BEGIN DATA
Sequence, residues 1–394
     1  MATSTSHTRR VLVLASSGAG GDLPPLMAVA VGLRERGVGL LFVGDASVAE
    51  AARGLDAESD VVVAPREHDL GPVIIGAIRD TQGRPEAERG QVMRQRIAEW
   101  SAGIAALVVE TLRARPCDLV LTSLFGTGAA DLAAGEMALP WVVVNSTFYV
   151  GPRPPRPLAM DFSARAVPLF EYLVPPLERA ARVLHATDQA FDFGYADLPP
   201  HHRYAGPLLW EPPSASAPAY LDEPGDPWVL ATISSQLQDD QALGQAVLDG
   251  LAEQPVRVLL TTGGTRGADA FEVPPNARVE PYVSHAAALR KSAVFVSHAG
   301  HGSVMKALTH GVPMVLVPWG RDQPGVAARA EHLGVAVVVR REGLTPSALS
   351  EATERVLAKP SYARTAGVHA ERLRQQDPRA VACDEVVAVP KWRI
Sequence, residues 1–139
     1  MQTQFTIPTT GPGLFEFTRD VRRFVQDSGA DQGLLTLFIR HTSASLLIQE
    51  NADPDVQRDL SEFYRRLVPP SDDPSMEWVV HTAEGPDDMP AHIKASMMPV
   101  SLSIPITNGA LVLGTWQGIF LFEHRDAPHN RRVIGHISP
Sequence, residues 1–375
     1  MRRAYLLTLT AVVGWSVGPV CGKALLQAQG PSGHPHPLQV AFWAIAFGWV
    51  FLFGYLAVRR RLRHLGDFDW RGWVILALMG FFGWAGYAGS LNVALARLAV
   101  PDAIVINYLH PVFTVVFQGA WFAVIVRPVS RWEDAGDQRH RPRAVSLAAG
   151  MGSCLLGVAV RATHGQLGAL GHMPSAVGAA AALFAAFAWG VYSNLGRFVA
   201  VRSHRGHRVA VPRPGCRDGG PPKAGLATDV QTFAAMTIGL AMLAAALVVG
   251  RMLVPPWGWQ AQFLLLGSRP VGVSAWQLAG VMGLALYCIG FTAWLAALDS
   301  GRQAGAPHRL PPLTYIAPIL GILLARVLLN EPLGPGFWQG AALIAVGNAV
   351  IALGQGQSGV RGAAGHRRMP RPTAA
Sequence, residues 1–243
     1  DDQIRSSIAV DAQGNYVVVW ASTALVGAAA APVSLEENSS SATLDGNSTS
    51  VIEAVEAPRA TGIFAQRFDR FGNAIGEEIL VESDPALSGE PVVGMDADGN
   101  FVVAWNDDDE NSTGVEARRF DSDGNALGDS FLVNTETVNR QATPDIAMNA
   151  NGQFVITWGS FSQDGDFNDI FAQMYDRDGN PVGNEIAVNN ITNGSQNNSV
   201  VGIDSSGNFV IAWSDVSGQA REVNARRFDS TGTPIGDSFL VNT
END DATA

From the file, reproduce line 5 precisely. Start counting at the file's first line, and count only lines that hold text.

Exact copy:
   151  GPRPPRPLAM DFSARAVPLF EYLVPPLERA ARVLHATDQA FDFGYADLPP